Original Research

Evaluating the Effect of Proper Use of “Tell Me Exactly What Happened” Case Entry Questions on Chief Complaint Selection and Information Gathering at Emergency Police Dispatch

The most critical and difficult part of the Emergency Police Dispatcher’s (EPD) job may be the gathering of the initial problem description, which uses a scripted Protocol Case Entry Question (CEQ) but also requires interpretation on the part of the EPD. Specifically, at the beginning of the call, the EPD asks the caller the CEQ “Ok, tell me exactly what happened” (TMEWH). Based on the caller’s response, the EPD selects a Chief Complaint (CC) Protocol—a specific protocol that...

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PSAP Leadership Perceptions of Quality: A Six-Dimensional Model

Public Safety Answering Point (PSAP) quality can have life-or-death implications. The quality of service provided by PSAPs is inconsistent due to the lack of mandatory standards of care at the national, state, and local levels. Public demands and duties placed on PSAPs have grown due to technological changes, civil cases alleging negligence, and the emergence of national recommended standards of care, yet governments at all levels have been slow to create governance structures to...

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Impact of Work-Related Factors on Stress and Health among 911 Calltakers and Dispatchers in California

Empirical literature examining the health and wellness of emergency responders has continued to grow over the past decade. Yet there is a relative absence of literature on 911 telecommunicators, who are often the “first, first responders” in an emergency. Examination of work-related factors that enhance risk for stress and adverse outcomes may improve current prevention and intervention efforts in this population. Methods: Civilian 911 calltakers and dispatchers from the state of...

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Barriers Significantly Influence Time to Bystander Compressions in Out-of-Hospital Cardiac Arrest

Rapid identification of sudden out-of-hospital cardiac arrest (OHCA) and delivery of bystander chest compressions in patients with ventricular fibrillation are key elements in the chain of survival. However, time to bystander compressions can be greatly affected by a wide variety of barriers, some beyond an EMD’s control. s: The aim of this study is to identify and quantify the impact that barriers have on the time taken to achieve bystander compressions for suspected...

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Persons Descriptions Reported to Emergency Police Dispatch

Identification of persons based on verbal descriptions is one of the key skills of police work. Gathering as much description information as possible immediately following the event—for example, at the point of emergency police dispatch—could substantially improve the accuracy of suspect descriptions, the ability to locate missing persons quickly, and other key outcomes of effective police work. : The primary objective of this study was to determine what amount and...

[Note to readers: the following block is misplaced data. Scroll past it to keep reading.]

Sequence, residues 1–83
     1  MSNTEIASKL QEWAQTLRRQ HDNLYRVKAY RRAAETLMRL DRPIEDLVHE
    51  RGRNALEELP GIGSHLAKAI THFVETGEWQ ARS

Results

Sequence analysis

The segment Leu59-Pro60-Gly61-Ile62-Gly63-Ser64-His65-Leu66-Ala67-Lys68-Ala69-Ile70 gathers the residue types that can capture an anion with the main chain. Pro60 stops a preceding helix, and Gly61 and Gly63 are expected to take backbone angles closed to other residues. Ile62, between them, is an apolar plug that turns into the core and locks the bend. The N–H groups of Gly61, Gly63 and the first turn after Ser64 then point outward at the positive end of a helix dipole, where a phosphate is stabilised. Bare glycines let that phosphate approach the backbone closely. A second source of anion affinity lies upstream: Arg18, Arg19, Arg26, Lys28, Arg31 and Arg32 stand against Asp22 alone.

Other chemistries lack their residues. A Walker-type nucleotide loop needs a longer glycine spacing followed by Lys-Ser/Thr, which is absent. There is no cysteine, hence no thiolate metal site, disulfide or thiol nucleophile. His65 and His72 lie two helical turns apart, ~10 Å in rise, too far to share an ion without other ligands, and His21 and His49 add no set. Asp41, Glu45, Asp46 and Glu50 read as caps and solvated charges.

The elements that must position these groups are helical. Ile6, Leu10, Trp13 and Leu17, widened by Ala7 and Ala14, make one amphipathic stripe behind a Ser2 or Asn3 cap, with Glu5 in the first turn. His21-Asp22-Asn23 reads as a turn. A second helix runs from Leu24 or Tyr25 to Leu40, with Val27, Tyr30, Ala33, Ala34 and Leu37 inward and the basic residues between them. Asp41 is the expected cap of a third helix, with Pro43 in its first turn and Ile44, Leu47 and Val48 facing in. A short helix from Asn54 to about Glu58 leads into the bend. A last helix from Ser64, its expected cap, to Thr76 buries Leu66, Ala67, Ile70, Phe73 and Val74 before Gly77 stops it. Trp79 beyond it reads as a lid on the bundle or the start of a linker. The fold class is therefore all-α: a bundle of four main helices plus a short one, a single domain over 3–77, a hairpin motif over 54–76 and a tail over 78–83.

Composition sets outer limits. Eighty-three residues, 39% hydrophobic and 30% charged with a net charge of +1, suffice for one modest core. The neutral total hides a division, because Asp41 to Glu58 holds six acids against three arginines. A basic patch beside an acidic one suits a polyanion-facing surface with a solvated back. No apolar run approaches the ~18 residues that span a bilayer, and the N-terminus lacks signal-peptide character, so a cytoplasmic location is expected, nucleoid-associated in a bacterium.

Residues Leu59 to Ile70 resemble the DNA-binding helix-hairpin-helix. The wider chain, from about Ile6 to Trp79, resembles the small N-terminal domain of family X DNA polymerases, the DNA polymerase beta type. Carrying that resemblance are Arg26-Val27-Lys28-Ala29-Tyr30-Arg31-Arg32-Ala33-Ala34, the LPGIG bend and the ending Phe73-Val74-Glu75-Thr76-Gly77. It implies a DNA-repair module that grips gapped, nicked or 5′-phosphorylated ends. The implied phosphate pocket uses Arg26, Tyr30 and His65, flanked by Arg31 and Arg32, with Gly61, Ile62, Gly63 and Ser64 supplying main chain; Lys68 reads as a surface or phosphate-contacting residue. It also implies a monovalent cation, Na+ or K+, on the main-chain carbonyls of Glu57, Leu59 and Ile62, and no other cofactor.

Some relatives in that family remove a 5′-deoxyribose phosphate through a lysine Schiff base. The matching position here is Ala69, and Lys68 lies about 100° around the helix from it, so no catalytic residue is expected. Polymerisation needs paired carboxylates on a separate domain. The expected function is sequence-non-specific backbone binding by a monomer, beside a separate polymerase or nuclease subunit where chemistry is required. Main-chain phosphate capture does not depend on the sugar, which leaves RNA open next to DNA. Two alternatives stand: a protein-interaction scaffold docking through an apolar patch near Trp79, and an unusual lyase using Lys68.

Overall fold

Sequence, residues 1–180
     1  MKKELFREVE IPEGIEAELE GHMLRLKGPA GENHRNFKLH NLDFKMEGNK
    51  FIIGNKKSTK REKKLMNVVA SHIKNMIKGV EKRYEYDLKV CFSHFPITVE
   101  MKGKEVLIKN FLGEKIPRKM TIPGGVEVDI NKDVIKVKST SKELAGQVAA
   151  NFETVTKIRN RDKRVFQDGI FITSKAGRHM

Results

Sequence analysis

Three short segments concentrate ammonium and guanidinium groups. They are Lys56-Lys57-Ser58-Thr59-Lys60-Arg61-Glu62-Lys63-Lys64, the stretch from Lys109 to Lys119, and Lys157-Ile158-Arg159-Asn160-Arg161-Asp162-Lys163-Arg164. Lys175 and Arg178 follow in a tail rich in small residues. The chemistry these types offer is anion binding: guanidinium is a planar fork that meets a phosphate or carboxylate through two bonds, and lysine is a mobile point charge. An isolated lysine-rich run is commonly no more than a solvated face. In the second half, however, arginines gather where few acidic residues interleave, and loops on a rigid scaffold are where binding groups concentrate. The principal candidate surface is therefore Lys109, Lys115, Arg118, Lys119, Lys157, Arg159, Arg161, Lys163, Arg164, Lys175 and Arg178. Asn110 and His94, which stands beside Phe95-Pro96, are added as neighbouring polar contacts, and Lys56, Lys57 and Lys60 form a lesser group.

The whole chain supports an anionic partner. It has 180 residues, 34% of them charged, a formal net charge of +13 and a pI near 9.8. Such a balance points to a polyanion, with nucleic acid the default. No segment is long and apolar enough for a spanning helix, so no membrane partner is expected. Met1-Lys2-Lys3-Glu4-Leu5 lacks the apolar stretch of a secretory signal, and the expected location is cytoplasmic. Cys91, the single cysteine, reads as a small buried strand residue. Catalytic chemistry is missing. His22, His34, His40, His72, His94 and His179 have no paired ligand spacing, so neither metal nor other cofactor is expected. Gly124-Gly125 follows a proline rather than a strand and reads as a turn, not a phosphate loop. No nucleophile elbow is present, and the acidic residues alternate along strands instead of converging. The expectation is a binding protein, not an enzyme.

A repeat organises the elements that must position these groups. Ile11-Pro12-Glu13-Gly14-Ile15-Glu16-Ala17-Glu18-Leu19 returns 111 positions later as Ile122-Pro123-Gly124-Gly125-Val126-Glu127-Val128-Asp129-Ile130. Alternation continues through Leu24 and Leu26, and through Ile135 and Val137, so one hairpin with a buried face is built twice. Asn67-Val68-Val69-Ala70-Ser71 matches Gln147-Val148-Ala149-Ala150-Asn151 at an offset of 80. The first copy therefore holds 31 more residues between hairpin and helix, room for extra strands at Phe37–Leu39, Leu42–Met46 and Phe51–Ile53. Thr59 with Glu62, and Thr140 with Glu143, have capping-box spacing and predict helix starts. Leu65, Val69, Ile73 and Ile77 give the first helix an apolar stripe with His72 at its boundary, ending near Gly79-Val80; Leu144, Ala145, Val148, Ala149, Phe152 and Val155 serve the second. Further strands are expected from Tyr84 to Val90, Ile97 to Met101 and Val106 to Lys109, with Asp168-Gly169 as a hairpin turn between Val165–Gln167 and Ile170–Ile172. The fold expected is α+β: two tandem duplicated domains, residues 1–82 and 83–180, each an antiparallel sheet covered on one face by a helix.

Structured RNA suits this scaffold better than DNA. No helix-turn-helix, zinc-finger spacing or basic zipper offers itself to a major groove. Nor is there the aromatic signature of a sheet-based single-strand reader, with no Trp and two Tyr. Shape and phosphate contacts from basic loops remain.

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Comparison of EMD Selection of Sick Person Chief Complaint Protocol with On-Scene Responder Findings

The Emergency Medical Dispatcher’s (EMD’s) selection of the most appropriate Chief Complaint Protocol is one of the most important elements in emergency dispatching. Choosing the correct Chief Complaint ensures that the correct information is gathered, the correct instructions and help provided, and the right resources sent. The selection of the MPDS Sick Person Protocol is often one of the most difficult for EMDs. s: The primary objective of this study is to compare the...

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Implications of Pre-Alerts for Medical Emergency Calls

In emergency dispatching, pre-alerts are used to send responders to calls prior to getting a final dispatch code. Some studies have showed that pre-alerts can effectively reduce dispatch time for out-of-hospital cardiac arrests, potentially improving overall patient outcome. However, there is also a potential risk in running lights-and-siren on non-fully triaged calls. Although pre-alerts have been used for several years, no research studies have demonstrated its benefit, in...

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Predicting the Need for Extrication in Traffic Accidents Reported to 911: Is Anyone Pinned/Trapped?

Extrication activities at the scene of motor vehicle accidents (MVA) result in extended scene times and increase morbidity and mortality. Identifying the need for extrication-capable resources during the 911 call-taking process, and dispatching them without delay, is crucial to delivering the required response and patient care. Determining the need for extrication using the Traffic/Transport Incidents Protocol in the Medical Priority Dispatch System (MPDS®) (version 13.0...

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